Pulsejet filters are often used in wood dust extraction systems and can be very effective. However not all pulsejet filters are created equal so if you are going the pulsejet filter route there are features you should look for and features you should avoid. A cheap pulsejet filter is not likely to be a bargain.
Tubular filter bags are the only type worth considering. Forget cartridges (see our paper on this “Cartridges are not for Wood Dust”). Forget “star bags” or the like (these are solutions for problem baghouses, not something to design with in the first instance).
Quality filter bags from a reputable supplier make a difference. We suggest an antistatic polyester needle felt on polyester scrim with a fabric weight in the 500 – 600 g/m2 range.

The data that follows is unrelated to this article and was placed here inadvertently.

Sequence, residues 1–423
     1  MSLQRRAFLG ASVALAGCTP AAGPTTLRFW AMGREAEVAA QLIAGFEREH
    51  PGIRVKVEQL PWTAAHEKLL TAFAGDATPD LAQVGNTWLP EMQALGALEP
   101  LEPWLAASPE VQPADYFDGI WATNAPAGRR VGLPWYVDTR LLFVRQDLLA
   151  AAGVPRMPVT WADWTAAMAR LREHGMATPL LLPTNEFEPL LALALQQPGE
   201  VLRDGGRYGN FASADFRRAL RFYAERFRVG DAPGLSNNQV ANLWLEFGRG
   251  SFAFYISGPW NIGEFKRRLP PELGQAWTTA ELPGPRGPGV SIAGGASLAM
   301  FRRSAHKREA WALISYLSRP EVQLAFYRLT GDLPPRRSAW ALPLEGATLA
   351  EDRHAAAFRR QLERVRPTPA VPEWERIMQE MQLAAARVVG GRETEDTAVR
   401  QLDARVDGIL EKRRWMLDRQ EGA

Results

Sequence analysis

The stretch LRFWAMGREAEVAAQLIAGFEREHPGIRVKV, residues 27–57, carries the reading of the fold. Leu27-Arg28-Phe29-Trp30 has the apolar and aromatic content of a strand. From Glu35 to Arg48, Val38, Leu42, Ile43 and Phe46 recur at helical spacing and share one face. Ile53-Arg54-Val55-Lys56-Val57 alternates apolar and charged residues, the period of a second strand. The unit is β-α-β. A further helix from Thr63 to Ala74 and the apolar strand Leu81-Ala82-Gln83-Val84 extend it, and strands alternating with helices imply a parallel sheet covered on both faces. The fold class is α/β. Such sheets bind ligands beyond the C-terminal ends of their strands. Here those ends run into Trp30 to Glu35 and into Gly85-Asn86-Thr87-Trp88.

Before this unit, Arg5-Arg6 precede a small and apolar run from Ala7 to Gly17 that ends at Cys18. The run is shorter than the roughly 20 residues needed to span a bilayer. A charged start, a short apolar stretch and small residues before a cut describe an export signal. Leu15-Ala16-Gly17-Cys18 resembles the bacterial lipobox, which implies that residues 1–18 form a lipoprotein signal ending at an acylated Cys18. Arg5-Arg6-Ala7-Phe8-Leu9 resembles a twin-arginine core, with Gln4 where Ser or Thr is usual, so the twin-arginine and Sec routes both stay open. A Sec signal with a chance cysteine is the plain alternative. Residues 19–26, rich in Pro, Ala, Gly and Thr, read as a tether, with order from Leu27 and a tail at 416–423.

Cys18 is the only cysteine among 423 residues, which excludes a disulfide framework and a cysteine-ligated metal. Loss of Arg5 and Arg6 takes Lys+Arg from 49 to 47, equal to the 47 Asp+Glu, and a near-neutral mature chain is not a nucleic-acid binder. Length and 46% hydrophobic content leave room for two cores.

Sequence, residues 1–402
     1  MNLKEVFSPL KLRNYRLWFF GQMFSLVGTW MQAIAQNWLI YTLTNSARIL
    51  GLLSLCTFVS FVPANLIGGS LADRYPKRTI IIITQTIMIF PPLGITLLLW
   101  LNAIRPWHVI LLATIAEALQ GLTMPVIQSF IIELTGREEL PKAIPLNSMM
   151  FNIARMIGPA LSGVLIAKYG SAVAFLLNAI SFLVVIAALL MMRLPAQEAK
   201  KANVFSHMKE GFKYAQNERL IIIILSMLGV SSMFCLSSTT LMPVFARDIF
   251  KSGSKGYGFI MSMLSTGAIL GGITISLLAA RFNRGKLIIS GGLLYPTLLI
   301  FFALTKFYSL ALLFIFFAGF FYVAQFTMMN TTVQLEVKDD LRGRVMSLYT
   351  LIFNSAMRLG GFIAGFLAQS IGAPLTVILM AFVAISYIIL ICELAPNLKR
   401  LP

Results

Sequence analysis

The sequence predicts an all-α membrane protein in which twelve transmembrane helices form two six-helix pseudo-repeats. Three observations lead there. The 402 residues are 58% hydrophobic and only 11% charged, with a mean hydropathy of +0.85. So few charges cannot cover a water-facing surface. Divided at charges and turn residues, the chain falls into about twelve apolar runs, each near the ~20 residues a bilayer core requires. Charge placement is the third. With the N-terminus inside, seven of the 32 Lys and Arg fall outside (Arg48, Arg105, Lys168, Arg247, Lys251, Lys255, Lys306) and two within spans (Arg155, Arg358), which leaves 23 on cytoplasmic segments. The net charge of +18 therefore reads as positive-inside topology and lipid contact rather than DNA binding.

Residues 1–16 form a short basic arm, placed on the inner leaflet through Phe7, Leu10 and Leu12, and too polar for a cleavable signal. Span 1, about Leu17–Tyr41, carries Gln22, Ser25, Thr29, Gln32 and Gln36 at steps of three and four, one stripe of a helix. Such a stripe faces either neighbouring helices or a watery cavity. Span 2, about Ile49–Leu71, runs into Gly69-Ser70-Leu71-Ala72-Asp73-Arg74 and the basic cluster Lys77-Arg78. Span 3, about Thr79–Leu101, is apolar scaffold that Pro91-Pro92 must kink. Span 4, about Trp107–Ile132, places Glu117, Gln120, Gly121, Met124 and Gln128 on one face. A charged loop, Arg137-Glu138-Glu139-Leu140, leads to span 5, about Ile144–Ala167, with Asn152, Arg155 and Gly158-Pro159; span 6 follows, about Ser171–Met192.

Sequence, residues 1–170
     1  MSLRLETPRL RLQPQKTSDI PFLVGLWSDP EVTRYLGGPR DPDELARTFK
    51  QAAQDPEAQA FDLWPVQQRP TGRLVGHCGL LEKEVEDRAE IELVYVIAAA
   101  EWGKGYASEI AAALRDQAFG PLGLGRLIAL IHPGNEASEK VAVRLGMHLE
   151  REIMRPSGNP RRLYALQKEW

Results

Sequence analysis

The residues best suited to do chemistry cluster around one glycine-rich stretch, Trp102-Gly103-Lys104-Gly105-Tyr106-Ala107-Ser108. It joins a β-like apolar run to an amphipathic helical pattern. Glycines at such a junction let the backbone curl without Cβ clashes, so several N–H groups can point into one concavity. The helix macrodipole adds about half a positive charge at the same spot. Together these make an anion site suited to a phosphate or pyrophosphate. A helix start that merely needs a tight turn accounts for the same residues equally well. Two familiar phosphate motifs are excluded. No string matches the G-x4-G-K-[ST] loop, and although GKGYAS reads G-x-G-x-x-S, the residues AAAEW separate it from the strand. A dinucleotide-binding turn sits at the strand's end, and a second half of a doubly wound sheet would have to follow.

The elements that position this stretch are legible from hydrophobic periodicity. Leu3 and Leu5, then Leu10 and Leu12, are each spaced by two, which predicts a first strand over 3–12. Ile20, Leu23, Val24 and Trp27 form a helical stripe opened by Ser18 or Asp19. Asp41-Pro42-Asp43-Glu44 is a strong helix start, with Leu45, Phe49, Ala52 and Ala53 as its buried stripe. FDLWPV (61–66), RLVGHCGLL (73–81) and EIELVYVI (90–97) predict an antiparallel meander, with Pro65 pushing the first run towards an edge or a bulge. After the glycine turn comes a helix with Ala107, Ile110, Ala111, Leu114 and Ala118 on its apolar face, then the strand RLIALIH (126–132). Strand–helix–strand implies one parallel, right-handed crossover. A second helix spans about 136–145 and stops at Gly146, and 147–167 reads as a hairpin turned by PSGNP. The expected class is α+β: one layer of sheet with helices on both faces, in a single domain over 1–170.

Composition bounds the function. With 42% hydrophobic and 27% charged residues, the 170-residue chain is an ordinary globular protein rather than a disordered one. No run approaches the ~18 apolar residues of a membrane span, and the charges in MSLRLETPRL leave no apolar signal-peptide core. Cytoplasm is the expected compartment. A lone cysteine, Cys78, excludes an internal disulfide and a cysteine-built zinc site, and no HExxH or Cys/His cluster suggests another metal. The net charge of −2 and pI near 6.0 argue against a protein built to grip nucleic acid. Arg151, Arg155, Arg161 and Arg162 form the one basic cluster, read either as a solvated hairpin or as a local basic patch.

Pulse systems vary in effectiveness dependant on a large number of factors. Is it a proven design? Can this be verified?
Filter bag area is very important but more filter bag area doesn’t compensate for other design flaws.
Top filter bag access is a desirable feature when it comes to filter bag maintenance, especially when coupled with spring clip filter bags. Avoid side entry as this causes higher dust exposure and possible confined space issues.
Hopper dust entry is a poor design feature. Consequent upward airflow in the bag chamber reduces the cleaning effectiveness of the pulse system causing high pressure drop. In turn this results in reduced airflow and reduced filter bag life.
Pulse controllers need to comply with our electrical regulations.
Compressed air reservoirs need to be designed and tested to our pressure vessel standards.
Support structures need to comply with our wind and seismic code standards.
Ladders and walkways need to comply with our safe access standards.